What Makes a Fragrance? A Guide to Scent Families

What Makes a Fragrance? A Guide to Scent Families

How is a Fragrance Made?

Ever wonder what makes a candle smell like it does? Almost every single one of our fragrances are handcrafted and custom blended but what does that mean? 

I am often asked how I know what is going to pair well together when I'm down in the candle lab working my mad alchemist magic.  I wish it were as simple as just throwing some things together and boom - instant awesome. The truth is, in order to make a winning fragrance, you need to understand the different scent families and how those scents present themselves.  

Right now, you might be thinking, "Ok, Laura, enough of your crazy candle jargon - what are scent families?"

Scent Families: How Fragrance is Categorized

Simply put, scent families are categories that the singular scents we know and love fall into. There are 4 Main Categories that can be further broken down into sub-categories:

Floral: Fruity, Floral, Soft Floral, and Oriental

Oriental: Soft Oriental, Oriental, Woody Oriental, and Woody

Woody: Woody, Mossy Wood, Dry Wood, and Aromatic

Fresh: Aromatic, Citrus, Water, Green, and Fruity

Complimentary Fragrances

    These scent families can be easily visualized using the fragrance wheel, a delightful creation originally introduced in 1983 by Michael Edwards. Like the color wheel we all learned about in primary school, the fragrance wheel organizes scent families in such a way where complementary fragrance notes can be easily identified.

    Scents next to each other on the wheel share common olfactory traits and tend to pair well together, while scents directly across from one another on the wheel are complimentary.

     Scent Families Fragrance Wheel Scent Pyramid of Fragrance Notes

    Once we've chosen which scents to blend together, we need to consider how those scents are going to present themselves - this is where the olfactive or fragrance pyramid comes into play. Have you ever gone perfume shopping and noticed how they list top, middle, and base notes? That's the fragrance pyramid.

    A Guide to Fragrance Notes

    The olfactive pyramid organizes scents by the time in which they take to evaporate/are able to be detected by your nose. The pyramid is organized into three sections: Top, middle, and base notes.

    Top Notes: These are scents that have the smallest molecules, evaporate the fastest, and are the first thing we smell when we take a whiff. Scent families in this category include Citrus and Aromatics (herbs).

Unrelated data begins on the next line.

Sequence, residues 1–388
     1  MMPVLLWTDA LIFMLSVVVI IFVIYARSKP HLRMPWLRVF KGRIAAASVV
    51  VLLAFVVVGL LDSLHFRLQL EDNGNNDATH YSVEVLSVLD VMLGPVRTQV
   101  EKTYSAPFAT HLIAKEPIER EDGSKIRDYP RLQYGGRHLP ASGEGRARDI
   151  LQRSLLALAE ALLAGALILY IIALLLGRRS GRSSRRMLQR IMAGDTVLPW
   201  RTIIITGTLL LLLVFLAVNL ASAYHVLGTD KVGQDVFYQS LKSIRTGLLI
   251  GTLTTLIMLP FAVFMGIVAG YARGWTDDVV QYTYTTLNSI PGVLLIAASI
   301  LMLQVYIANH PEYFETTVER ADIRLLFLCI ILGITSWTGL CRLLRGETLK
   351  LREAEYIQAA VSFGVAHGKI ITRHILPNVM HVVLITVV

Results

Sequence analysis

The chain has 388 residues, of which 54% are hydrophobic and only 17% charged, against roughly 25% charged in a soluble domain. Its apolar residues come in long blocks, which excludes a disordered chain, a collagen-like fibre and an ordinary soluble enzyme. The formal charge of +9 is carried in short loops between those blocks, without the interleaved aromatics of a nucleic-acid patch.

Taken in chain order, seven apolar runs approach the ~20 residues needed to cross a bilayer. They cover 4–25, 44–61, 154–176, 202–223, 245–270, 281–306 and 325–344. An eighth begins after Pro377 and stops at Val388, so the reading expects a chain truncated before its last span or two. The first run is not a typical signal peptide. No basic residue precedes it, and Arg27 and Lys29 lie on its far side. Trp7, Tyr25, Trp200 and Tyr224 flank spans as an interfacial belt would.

Middle Notes: These are the heart of the fragrance and are what we smell the longest. Scent families include Floral, Green, Fruity, Oriental, and Aromatics (spices).

        Bottom Notes: The bottom notes are what really give our fragrance depth and dimension. These scents have the largest molecules, take the longest to evaporate, and are rich and full-bodied. Scent families include Woody, Vanillas, and Musks.

        How a Fragrance is Created

        By referencing  both the fragrance wheel and olfactory pyramid, we can build a fragrance that is unique and complex using complimentary scents combined to present themselves in unexpected ways.

        A great example of this would be Cranberry Breeze. When you open your candle or wax melts, the first thing that hits you is that delicious sweet cranberry smell, followed shortly after by the refreshing scent of fir nettles and something warm just below that really comes out once it starts burning/melting.  Looking back on what we just learned about fragrance families and the olfactory pyramid, the order in which those scents present themselves should make sense: Our top note is cranberry (fruity), our middle note is fir nettles (green/woody), and our base note is that special 'something warmer' that I am calling autumn breeze because I can - you'll have to pry that blend out of my cold dead hands.

        And there you have it - my not-so-secret method to designing all your favorite Fervor fragrances! I hope this guide was informative and answered some questions you might have had about candles or other fragrance products.


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        1 comment
        • T his was a very informative article, I feel I have learned a lot.

          Alan Birmingham Jr. on

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